Prostate cancer is known for being heterogeneous with respect to cellular morphologies and histopathological characteristics. The vast majority of prostate cancers have a glandular, adenocarcinoma phenotype; however, a subset reveals a phenotype with neuroendocrine differentiation termed neuroendocrine prostate cancer (NEPC) that typically is diagnosed in the later stages of advanced disease. NEPC has little to no response to androgen deprivation therapy and is associated with the development of metastatic castration-resistant prostate cancer (mCRPC) that has extremely poor prognosis. Unfortunately, little is known about genetic drivers and activated pathways in NEPC, limiting precision medicine strategies. We previously provided a comprehensive study on the oncogenic role of L1 cell adhesion molecule (L1CAM) in CRPC-like prostate cancer growth and metastasis. We recently found that L1CAM is an oxidative stress-response gene contributing in therapeutic resistance of CRPC-like prostate cancer cells, an aggressive phenotype similar to NEPC. Our findings along with the supporting data that L1CAM over-expression is associated with NEPC by reviewing the gene expression profiles in preclinical animal models and clinical cohorts, strongly suggesting that L1CAM may serve as a driver of NEPC for developing mCRPC. In the study, we intend to further unravel the relationship and molecular basis of L1CAM in the aggressive features of NEPC. Specific Aim 1 will characterize the function role of L1CAM in neuroendocrine prostate cancer progression including cancer stem cell properties of de novo NEPC and neuroendocrine transdifferentiation of treatment-related NEPC; and evaluate the clinical relevant of L1CAM as a diagnostic and/or predictive marker for NEPC. Specific Aim 2 will explore the nuclear function of L1CAM in driving NEPC by identifying L1CAM nuclear binding components, with the primary focus on the interaction between a neuron-specific RNA-binding protein ELAVL4 and the released cytoplasmic domain of L1CAM (cyL1CAM).Specific Aim 3 will conduct a proof-of-principle study to investigate the feasibility of nuclear L1CAM as a drugable target for NEPC-associated mCRPC by designing a cell-permeable antibody against cyL1CAM through fusion of a prostate cancer-specific peptide.Since transformation to NEPC is likely to become of increasing clinical relevance in the era of widespread use of potent AR-targeted therapies, findings from this study will impact significantly more prostate cancer patients than previously appreciated and provide rationale for the development of therapeutic strategies for treating this aggressive subtype of prostate cancer.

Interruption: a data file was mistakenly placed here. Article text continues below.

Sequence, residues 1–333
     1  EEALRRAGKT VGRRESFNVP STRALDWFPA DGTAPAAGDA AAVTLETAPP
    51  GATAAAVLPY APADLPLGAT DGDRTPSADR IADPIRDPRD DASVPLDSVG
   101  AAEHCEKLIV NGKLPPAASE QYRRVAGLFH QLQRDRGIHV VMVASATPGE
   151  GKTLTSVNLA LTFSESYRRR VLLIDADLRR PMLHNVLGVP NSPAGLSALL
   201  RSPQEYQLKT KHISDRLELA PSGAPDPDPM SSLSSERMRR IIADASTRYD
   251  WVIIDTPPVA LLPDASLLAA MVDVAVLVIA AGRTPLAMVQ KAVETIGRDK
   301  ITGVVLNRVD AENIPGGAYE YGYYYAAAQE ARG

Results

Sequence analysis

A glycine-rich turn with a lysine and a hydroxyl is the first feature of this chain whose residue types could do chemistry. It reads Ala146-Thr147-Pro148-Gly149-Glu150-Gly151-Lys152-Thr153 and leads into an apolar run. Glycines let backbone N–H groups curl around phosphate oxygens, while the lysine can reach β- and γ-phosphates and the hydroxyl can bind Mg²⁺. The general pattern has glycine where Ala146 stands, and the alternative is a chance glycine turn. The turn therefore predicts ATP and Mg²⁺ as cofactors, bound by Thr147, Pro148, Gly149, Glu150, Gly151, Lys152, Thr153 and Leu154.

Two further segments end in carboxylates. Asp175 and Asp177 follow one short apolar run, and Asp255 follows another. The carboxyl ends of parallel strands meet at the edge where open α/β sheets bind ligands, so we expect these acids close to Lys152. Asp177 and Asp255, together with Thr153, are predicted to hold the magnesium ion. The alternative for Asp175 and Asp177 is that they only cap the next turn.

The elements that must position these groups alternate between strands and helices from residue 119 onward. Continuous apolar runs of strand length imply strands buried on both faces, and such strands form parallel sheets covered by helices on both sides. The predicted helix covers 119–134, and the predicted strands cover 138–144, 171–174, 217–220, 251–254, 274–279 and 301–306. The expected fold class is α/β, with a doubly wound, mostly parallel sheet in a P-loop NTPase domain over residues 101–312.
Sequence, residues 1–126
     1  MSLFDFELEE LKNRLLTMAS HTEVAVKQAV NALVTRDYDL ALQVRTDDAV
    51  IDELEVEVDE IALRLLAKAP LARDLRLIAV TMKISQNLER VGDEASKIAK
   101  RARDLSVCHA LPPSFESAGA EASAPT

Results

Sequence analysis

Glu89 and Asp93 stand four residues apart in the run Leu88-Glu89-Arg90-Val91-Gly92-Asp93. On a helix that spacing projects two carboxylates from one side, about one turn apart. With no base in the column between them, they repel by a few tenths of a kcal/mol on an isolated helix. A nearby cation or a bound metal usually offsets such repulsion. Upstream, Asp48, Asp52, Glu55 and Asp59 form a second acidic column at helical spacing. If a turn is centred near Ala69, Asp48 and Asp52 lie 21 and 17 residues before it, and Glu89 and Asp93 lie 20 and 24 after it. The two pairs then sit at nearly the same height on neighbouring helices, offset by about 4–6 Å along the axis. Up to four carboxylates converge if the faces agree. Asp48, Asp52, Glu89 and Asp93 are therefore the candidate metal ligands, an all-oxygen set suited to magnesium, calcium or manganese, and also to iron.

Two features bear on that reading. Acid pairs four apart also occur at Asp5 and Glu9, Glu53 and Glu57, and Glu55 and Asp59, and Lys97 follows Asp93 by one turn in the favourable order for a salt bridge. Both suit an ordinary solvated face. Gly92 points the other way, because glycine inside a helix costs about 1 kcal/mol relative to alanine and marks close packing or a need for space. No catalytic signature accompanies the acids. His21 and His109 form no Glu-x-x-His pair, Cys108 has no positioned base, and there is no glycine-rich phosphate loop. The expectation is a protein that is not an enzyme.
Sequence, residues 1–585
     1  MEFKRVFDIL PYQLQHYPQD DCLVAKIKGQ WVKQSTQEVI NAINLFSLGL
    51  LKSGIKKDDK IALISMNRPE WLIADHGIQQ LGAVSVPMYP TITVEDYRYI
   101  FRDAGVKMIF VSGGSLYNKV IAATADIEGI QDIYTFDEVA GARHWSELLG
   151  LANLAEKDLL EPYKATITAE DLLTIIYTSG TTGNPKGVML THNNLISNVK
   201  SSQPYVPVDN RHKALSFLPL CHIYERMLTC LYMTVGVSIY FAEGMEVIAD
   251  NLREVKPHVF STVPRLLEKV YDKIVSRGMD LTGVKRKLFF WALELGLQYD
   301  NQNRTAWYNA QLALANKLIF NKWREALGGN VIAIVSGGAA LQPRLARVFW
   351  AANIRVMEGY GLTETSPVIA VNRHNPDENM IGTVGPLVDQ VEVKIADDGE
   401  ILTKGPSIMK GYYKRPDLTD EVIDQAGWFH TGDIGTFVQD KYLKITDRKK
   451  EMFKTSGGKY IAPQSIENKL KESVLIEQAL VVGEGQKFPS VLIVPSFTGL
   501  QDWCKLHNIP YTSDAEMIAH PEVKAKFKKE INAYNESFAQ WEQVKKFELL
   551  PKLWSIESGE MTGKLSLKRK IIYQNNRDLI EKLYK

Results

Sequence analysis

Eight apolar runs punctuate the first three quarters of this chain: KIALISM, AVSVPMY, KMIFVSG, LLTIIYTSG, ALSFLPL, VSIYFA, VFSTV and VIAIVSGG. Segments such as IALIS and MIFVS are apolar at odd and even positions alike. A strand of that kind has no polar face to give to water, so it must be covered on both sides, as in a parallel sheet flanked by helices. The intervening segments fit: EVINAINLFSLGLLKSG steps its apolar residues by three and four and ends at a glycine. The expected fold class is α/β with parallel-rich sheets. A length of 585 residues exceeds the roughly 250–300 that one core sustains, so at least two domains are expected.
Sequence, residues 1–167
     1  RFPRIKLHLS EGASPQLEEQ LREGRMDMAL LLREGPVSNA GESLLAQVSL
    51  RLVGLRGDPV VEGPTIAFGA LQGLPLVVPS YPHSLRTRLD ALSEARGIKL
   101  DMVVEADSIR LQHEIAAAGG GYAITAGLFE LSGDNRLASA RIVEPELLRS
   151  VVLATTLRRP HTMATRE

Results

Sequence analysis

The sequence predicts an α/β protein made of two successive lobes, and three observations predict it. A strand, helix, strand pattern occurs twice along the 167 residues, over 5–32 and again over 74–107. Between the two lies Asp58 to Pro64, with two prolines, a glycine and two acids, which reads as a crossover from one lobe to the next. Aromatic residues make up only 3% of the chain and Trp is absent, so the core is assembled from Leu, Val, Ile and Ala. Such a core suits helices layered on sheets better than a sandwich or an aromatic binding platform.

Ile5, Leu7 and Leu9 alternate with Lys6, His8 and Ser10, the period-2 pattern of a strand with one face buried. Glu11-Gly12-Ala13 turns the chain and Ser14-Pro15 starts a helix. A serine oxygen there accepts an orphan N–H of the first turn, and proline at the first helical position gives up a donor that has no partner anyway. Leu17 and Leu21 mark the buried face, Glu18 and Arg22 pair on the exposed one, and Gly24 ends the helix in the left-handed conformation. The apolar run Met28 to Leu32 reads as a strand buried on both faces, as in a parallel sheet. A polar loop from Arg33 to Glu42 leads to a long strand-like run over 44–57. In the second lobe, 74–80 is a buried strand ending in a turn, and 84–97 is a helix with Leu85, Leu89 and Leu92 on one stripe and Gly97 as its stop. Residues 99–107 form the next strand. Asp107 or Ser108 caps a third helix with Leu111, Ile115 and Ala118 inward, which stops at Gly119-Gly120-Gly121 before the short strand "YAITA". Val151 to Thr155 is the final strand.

|Effective start/end date||8/1/18 → 9/30/19|
- castration-resistant prostate cancer
- neuroendocrine differentiation
- L1 cell adhesion molecule
- targeted therapy